Dr. Seuss 'Yertle the Turtle' Line Too Political For Canadian School Classroom

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 An elementary school teacher at a Prince Rupert, British Columbia school has been banned by school administrators from displaying a certain quote from Dr. Seuss' children's story Yertle the Turtle. The teacher, who has not been named, was told that she would be disciplined for exhibiting the quote I know up on top you are seeing great sights, but down here on the bottom, we too should have rights, on her clothing and on her vehicle on school property because of its political message.

The quote comes from the story of a turtle king called Yertle, who orders the turtles in his kingdom to stack up on top of each other to build his throne. The turtle at the bottom of the stack verbally protests, Yertle rebukes the turtle and orders more turtles to add to the stack. At the end of the story the turtle at the bottom burps loudly and topples the stack. The turtles revolt, leaving Yertle on the ground without a kingdom to speak of.

The quote was seen on some materials that the teacher brought to a meeting with the school's management, after she had received a notice concerning union material in her car, which was located on school property, reported the Mail and Globe of Toronto.

The incident takes place in the midst of tensions between the teachers' union and the British Columbia district officials, following Bill 22, which came into effect last month. The bill was seen as a way to end the strike that began with several disputes last year. Teachers from the school district filed grievances about wages, working conditions and contracts. Some of the grievances were about the issue of teachers displaying quotes that were deemed inappropriate by the administration. Since the bill passed, a mediator was assigned to adjudicate issues between the teachers and the administration. In 2011, a decision had been made to keep political materials out of British Columbia classrooms.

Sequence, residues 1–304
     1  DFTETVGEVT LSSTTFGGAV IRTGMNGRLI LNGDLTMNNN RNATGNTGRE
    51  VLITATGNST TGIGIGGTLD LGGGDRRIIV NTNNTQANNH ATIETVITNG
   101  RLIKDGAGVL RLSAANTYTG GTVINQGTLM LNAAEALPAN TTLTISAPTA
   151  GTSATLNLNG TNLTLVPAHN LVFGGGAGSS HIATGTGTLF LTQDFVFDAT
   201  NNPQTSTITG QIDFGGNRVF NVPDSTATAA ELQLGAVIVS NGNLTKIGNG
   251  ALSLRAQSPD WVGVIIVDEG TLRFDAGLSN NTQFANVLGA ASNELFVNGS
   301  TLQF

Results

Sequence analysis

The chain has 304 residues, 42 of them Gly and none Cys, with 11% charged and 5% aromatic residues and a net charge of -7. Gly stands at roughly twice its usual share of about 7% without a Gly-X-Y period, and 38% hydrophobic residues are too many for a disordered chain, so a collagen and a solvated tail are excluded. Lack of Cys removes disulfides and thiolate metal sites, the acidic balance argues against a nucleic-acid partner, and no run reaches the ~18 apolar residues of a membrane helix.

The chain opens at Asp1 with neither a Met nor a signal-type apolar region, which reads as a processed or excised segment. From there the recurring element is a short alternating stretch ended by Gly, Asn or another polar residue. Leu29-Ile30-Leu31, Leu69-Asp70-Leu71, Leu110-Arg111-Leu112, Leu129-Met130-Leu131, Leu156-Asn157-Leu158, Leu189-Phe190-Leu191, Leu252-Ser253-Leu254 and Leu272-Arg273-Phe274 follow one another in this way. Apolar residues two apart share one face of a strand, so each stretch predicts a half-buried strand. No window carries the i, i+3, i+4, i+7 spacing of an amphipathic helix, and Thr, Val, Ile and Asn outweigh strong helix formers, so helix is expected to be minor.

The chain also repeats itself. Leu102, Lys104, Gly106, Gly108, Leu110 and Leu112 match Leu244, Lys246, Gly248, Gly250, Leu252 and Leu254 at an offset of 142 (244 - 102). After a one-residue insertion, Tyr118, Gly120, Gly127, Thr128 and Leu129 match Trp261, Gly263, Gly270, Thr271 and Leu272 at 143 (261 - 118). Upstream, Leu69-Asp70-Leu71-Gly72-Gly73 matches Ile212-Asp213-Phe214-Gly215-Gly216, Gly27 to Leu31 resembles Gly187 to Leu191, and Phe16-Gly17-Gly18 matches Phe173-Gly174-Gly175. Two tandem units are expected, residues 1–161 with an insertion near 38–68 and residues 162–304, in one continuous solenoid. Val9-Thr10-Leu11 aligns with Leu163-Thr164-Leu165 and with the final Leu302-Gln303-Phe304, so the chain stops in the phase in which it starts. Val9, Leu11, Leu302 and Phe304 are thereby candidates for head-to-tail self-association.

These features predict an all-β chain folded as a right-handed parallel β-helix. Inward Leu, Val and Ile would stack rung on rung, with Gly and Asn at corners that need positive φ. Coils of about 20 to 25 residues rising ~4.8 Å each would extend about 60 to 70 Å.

It's a good use of my time if it serves the purpose of shielding the children from political messaging, Dave Stigant, the acting director of instruction for the school district, told Globe and Mail. I don't consider it's taking a stand on the dispute. It's a matter of legality and living up to our obligation to children and their families, he commented about the incident with the teacher, who he met with to discuss the quote. According to reports, Stigant says that the book itself is not banned, but her actions, namely wearing a shirt with the quote while teaching in a classroom, was inappropriate for the school.

Joanna Larson, president of the Prince Rupert District Teachers' Union, has spoken out about the incident, saying that the administration unfairly doesn't want the message to get to the students.

We feel very censored here right now, she told the Vancouver Sun. We have feelings that our rights to freedom of expression have been violated, Larson said.

Eight teachers in the district have gotten letters warning them about displaying certain political messages, reported the Vancouver Sun. Teachers who oppose Bill-22, with bumper stickers on their cars exposing their anti-Bill 22 status, are now choosing to park their vehicles away from school lots to avoid receiving letters from the administration.

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